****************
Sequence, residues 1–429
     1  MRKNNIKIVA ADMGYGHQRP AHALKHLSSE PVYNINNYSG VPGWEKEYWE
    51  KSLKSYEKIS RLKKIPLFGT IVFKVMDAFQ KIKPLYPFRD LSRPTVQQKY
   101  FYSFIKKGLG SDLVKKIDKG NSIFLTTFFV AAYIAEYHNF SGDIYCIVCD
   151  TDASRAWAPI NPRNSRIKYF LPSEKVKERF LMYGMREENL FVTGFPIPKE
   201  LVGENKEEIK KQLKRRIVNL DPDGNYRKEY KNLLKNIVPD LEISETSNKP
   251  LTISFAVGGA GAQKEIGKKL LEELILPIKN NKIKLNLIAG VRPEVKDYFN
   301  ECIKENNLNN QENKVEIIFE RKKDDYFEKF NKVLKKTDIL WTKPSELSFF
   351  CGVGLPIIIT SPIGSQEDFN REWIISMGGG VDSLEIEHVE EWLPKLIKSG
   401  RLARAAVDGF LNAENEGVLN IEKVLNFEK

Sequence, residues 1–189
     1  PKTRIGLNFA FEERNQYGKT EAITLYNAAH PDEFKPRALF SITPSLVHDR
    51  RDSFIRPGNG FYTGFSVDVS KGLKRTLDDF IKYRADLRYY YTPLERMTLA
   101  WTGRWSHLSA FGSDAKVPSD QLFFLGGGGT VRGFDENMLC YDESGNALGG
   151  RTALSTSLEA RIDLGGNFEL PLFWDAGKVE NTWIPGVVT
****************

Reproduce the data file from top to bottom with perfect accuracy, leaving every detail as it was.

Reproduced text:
Sequence, residues 1–429
     1  MRKNNIKIVA ADMGYGHQRP AHALKHLSSE PVYNINNYSG VPGWEKEYWE
    51  KSLKSYEKIS RLKKIPLFGT IVFKVMDAFQ KIKPLYPFRD LSRPTVQQKY
   101  FYSFIKKGLG SDLVKKIDKG NSIFLTTFFV AAYIAEYHNF SGDIYCIVCD
   151  TDASRAWAPI NPRNSRIKYF LPSEKVKERF LMYGMREENL FVTGFPIPKE
   201  LVGENKEEIK KQLKRRIVNL DPDGNYRKEY KNLLKNIVPD LEISETSNKP
   251  LTISFAVGGA GAQKEIGKKL LEELILPIKN NKIKLNLIAG VRPEVKDYFN
   301  ECIKENNLNN QENKVEIIFE RKKDDYFEKF NKVLKKTDIL WTKPSELSFF
   351  CGVGLPIIIT SPIGSQEDFN REWIISMGGG VDSLEIEHVE EWLPKLIKSG
   401  RLARAAVDGF LNAENEGVLN IEKVLNFEK

Sequence, residues 1–189
     1  PKTRIGLNFA FEERNQYGKT EAITLYNAAH PDEFKPRALF SITPSLVHDR
    51  RDSFIRPGNG FYTGFSVDVS KGLKRTLDDF IKYRADLRYY YTPLERMTLA
   101  WTGRWSHLSA FGSDAKVPSD QLFFLGGGGT VRGFDENMLC YDESGNALGG
   151  RTALSTSLEA RIDLGGNFEL PLFWDAGKVE NTWIPGVVT